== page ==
Membership of the Dronecode Project gives organisations the ability to affect the “big-picture” direction of the platform and to keep well informed about changes in both the platform and the broader industry. Our members are some of the most influential across the UAV industry!
The Dronecode Project delivers a collaborative and shared open source Platform for Unmanned Aerial Vehicles (UAVs)
A neutral place where industry and community developers can contribute technology in order to reduce costs and time to market
Development is done within the sub-projects that deliver different parts of the platform
Why a platform?
Our goal is to become the leading open source platform for UAVs. We will evolve the platform so that that is better, safer, easier to use, and more flexible to adapt, extend and adopt than other open source or proprietary alternatives.
We will work with our community and the Linux Foundation to expand membership, build awareness of the project and platform, and encourage community contributions.
The development of drones has exploded due to the vibrant maker community and the use of drones in a variety of new applications. The Teal Group, an aerospace market research firm, recently estimated that within a decade the total amount spent worldwide on research, development, testing and evaluation of drone technology will reach $91 billion. Just a few uses that were reported over the last few years include:
Delivery of small packages including letters, medicines, meals etc. In 2017 commercial passenger drones are expected to start flying in some cities.
Surveying & inspections
All sorts of surveying, from geographic mapping, construction site and gas pipeline inspections, wildlife management, farm management etc.
Drones are fun to fly and race. Action cams have become popular for recording user’s sporting prowess.
Cinematography, journalism, and (increasingly) real-estate and other forms of advertising.
Search, rescue, law enforcement
Rapidly searching large areas for missing persons and for border enforcement (often using heat-sensitive cameras). Dropping medical supplies and food in inaccessible areas.
Scientific research & exploration
Drones allow scientists to safely explore inaccessible and harsh environments that would difficult for manned vehicles to reach (e.g. volcanoes!)
To facilitate an open ecosystem, Dronecode is structured around an open source license, open design, development and contribution model and finally, an appropriate, open governance model. Any individual, company or organization can engage directly and immediately to begin shaping the future of the project. Anyone can develop and contribute code, get elected to the Technical Steering Committee or help steer the project forward in any number of ways.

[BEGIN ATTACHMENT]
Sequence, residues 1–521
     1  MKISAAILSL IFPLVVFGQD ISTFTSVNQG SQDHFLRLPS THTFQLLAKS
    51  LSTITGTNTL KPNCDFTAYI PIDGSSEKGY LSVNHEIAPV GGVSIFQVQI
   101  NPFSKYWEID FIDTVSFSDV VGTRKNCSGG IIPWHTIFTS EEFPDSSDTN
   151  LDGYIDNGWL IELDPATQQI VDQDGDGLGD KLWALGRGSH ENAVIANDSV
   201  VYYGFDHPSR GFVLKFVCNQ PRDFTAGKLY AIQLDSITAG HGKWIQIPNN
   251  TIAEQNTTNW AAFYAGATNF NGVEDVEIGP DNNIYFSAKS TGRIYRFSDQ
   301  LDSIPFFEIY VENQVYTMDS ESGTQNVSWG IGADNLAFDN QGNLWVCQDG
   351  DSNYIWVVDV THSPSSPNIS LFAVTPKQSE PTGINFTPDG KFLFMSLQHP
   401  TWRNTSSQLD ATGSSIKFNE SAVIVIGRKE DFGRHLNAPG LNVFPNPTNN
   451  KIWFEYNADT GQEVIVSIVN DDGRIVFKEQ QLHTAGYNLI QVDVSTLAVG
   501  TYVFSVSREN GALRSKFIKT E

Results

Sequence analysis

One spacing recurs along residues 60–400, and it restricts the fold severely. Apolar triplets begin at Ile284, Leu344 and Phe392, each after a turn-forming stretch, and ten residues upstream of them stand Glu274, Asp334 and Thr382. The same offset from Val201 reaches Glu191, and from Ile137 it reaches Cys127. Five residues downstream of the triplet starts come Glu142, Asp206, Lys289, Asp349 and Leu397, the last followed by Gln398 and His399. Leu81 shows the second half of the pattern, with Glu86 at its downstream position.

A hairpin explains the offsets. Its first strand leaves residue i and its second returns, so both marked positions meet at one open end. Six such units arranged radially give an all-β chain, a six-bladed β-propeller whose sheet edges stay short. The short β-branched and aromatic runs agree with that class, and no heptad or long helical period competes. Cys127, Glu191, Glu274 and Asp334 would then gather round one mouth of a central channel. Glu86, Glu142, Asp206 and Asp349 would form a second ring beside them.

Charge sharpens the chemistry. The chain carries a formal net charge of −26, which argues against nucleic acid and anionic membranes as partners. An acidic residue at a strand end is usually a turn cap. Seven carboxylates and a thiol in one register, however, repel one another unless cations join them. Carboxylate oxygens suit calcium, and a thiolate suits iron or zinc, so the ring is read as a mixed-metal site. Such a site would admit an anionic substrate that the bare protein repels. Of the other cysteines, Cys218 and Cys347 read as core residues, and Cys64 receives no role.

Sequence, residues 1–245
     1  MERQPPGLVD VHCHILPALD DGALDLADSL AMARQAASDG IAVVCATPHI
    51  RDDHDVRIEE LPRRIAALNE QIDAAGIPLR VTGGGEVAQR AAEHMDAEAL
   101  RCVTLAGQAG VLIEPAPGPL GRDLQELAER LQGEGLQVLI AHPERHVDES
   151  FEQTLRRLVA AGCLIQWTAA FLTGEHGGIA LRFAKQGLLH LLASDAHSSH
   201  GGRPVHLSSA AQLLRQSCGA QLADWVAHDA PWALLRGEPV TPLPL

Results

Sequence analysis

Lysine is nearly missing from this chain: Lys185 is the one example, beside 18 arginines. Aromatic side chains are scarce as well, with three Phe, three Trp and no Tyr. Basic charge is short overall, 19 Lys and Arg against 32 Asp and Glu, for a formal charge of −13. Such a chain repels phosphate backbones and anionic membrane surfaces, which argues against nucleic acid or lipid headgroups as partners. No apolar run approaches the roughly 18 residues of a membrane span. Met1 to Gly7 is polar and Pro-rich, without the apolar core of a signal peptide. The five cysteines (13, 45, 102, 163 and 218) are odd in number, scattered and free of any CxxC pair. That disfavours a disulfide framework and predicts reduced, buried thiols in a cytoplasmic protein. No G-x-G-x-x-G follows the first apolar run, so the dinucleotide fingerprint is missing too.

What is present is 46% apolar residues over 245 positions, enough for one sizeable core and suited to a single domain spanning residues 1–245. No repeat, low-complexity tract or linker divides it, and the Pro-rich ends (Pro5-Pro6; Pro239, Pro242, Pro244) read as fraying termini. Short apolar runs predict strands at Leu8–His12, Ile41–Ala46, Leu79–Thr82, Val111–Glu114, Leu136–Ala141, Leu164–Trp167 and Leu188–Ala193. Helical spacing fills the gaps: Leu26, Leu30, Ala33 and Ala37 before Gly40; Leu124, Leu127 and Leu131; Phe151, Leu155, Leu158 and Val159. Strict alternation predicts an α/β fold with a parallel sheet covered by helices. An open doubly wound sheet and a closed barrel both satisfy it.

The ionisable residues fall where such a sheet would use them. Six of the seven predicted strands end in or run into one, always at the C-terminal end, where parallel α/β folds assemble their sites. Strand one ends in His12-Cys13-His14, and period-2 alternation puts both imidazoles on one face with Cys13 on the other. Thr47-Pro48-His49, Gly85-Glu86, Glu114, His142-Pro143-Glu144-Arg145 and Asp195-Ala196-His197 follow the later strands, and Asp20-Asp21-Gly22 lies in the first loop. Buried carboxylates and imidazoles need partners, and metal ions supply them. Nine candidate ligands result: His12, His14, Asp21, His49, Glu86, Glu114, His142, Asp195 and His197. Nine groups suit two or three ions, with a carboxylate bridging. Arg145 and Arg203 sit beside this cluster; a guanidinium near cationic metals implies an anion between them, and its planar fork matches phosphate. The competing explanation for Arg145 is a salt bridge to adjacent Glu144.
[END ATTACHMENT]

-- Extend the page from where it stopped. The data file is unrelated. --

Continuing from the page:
The Dronecode Project is governed by its member organizations as a Collaborative Project underneath the Linux Foundation, a 501(c)6 nonprofit organization providing a legal and administrative framework for the project as well as many services. Members pay annual dues that are used for the administration of the project. Members may additionally contribute personnel, time, and equipment to help satisfy the project’s needs, including those for infrastructure management, community management, public relations, and project advocacy.
Board of Directors
The Governing Board of Directors provides administrative/business leadership. It approves the direction and initiatives for the project, including making governance, marketing and operational decisions.
- Choose policies
- Articulate strategy
- Provide guidence to the TSC
Technical Steering Committee
The Technical Steering Committee (TSC) provides technical leadership. It includes both elected leads and maintainers from the top level projects. The TSC appoints a chair who represents the interests of the TSC on the Governing Board and also works with the TSC to find solutions at the direction of Governing Board.
- Highest technical decision-making body
- Sets technical direction for the project
- Coordinates cross-community collaboration, often through Working Groups
Working Groups are appointed by the TSC to investigate specific technical areas. The WG lead is appointed by the TSC and may be a TSC member. Membership is otherwise open, and may include anyone in the developer community.
- Created by TSC with a nominated WG lead
- Investigate specific technical issue or problem
- Open to all developers in community with relevant skills
Can I Build My Own Drone With The Software?
Yes! There is a thriving maker community on DIYDrones that does just that.
Do I Have To Be A Member To Participate In The Development Of The Software?
No! It is and always will be fully open.
Do I Participate Directly On Dronecode.Org?
Dronecode encompasses projects that control flight, enable mission planning, and otherwise make drone flight and advanced functionality possible. Dronecode development is done at the project level with coordinating and resource allocation performed by the TSC and the Board.
Will Development Practices Change As Part Of This New Structure?
The community is thriving so we don’t intend to fix something that isn’t broken. The new structure just enables more companies to give resources and support the community.
Why Is The Linux Foundation Involved If The Projects Are Already Open Source?
As the PX4 project matured and was more widely adopted as part of the drone revolution, it became clear that the kind of professional management and governance that the Linux Foundation provides for other leading open source projects would help PX4 reach the next level of participation, performance and innovation. The combination of independence and a clear path for corporate participation and adoption while protecting open source ideals is something these projects have always been built on, and the experience and reputation of the Linux Foundation ensures that these will be embraced and preserved as the industry around them grows.